JK – agreed on most, especially with Flores and Rivera getting hurt, but Nimmo needs to be playing everyday – against lefties too – and he’s not. Ok, enough baseball… Can’t wait to see how good Frank is. Would be a game changer for us if he’s good. POTENTIAL comps for him – Derek Harper, Gary Payton, Clyde… “Hope is a good thing, maybe the best of things…”

    Yeah as long as you’re trying to use the draft to level the playing field, meaning that the worst teams get the best incoming rookies and some (non-negligible) number of years of control over them, you’re going to have tanking. You can move around the numbers, shift the incentives to different parts of the curve, etc. but if bad teams get the best rookies teams are going to try to be bad. Simple as that.

    Now there’s no particular reason that has to be the way you level the playing field. I’ve never heard anyone suggest giving the worst teams additional cap space, but that’s not really fundamentally any different of an idea. It would also incentivize tanking somewhat, but maybe less as being terrible doesn’t really make you attractive to free agents. Then you could make the draft neutral like the wheel Jowles brought up, or even dissolve the draft entirely, and make all incoming rookies free agents. You could also just not worry about leveling the field and just let bad organizations be bad, but that’s probably not good for business long-term.

    The lottery has two purposes. Help bad teams improve and spread talent around the league. The point of both is to maintain and increase the fanbase/interest/revenue. So is tanking causing more revenue loss than teams sucking/being boring for years? I’m gonna say no, it’s mostly a PR problem.

    Maybe the wheel could work but considering that all draft classes aren’t created equal I don’t think it would do a better job of spreading out talent than the current system. I guess spreading out the lottery chance like that will disincentivise being the absolute worst but teams are that bad just from flat out sucking too. Recent examples include the Knicks, the Nets being rock bottom even when they had no picks..

    The Sixers created an image problem for the league by exploiting the draft mechanics over the course of years, and that’s what’s really driving this. But the Lakers tanked without causing any serious problems. There are other examples of tanking a year or two to start off a rebuild that don’t cause problems with the fan base. The only tanking ‘problem’ the league has is sustained tanking and there’s really just one example of that. I don’t see this change stopping that. The real issue they need to be able to fix is incompetent front offices but I’ll be damned if I can see any reasonable way to do that absent ditching the draft and salary cap.

    giving the worst teams additional cap space, but that’s not really fundamentally any different of an idea

    Interesting idea from the perspective of competitive balance. Perhaps adjusting luxury tax thresholds to allow overspending by teams that — ironically — were bad at managing cap space to begin with. This is all a microeconomic lab experiment, since the CBA would never be negotiated to allow certain teams to spend more money without penalty. Ownership groups would have a fit, and I’m sure there would be issues for the players as well.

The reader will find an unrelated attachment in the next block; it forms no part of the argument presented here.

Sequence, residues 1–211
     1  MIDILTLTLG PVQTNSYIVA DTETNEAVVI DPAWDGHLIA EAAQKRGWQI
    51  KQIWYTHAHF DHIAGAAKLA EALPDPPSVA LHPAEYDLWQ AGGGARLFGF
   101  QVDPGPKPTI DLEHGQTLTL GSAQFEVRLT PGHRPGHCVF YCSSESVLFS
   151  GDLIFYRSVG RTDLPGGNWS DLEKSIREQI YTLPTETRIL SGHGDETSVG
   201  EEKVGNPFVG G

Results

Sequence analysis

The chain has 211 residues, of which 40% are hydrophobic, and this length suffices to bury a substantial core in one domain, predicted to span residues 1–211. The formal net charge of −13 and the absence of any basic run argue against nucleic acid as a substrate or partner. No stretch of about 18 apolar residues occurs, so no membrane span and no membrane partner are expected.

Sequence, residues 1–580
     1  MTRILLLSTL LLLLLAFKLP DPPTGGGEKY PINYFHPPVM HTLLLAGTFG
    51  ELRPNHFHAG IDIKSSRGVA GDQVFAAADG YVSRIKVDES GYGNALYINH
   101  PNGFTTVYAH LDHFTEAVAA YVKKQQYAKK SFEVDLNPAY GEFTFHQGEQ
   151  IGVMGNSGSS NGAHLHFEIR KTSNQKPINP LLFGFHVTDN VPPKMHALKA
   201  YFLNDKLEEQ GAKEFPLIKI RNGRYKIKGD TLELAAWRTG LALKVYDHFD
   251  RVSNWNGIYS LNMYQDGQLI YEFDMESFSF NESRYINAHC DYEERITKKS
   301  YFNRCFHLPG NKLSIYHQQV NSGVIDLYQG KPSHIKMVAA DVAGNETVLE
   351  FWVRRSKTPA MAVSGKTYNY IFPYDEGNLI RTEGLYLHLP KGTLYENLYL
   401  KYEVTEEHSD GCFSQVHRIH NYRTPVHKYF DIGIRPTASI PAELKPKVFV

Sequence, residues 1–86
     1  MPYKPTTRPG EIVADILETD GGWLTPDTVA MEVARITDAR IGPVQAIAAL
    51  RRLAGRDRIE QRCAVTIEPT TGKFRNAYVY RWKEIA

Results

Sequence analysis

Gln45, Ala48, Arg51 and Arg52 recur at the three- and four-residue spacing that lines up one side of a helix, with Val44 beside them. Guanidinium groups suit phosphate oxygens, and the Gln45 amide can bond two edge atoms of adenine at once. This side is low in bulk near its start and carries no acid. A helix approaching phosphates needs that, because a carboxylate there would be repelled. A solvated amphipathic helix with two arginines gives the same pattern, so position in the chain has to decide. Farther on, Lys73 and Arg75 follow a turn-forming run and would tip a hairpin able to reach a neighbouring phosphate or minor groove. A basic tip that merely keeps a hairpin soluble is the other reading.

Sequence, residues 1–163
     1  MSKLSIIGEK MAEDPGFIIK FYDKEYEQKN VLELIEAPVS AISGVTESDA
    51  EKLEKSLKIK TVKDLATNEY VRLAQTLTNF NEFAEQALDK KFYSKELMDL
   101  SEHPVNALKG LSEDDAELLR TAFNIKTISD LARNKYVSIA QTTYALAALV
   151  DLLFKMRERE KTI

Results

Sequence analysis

Another option would be creating a “free market” for incoming rookies but designating more money for bad teams and less for good teams. Giving, say, $6M to the Nets and $3M to the Warriors, money that vanishes if not spent. Incoming players would be given much more flexibility and would have to consider playing time and salary as factors for their first free agency. The vets would never go for it, IMO.

    There are so many ways to engineer “balance” in sports leagues, but the NBA seems to have done a pisspoor job of doing it.

    @1 – Get well soon!

    @14

    The Mets play Reyes, Cabrera and Aoki over their young guys. The Knicks sign Sessions and Jack. Both teams are better served by losing.

    And the Jets are starting a 38 year old QB (McCown) and a 31 year old RB (Forte). Does anyone else see a pattern?

    @22

    Rank the 4 PGs in order of what their minutes per game will be this season.

    What about Dotson, Randal and Jamaraz? I would’ve had the 5 kids battle it out. Sadly, this is the Knicks. I don’t understand the Jack and Sessions signings at all.

    @24

    I would give the non-playoff teams equal odds, and give the first-round losers half the odds of the non-playoff teams.

    I reverse the way we give out balls and have the lottery teams odds increase in REVERSE order. Sucking means you get a worse pick. The team that tries the hardest, has the best shot at the #1. So missing the playoffs by a game might result in a #1 pick.

    Even if the draft order were totally random bad teams would have reasons to tank. I can’t believe the league/media spends so much time on this total non-problem

    I reverse the way we give out balls and have the lottery teams odds increase in REVERSE order. Sucking means you get a worse pick. The team that tries the hardest, has the best shot at the #1. So missing the playoffs by a game might result in a #1 pick.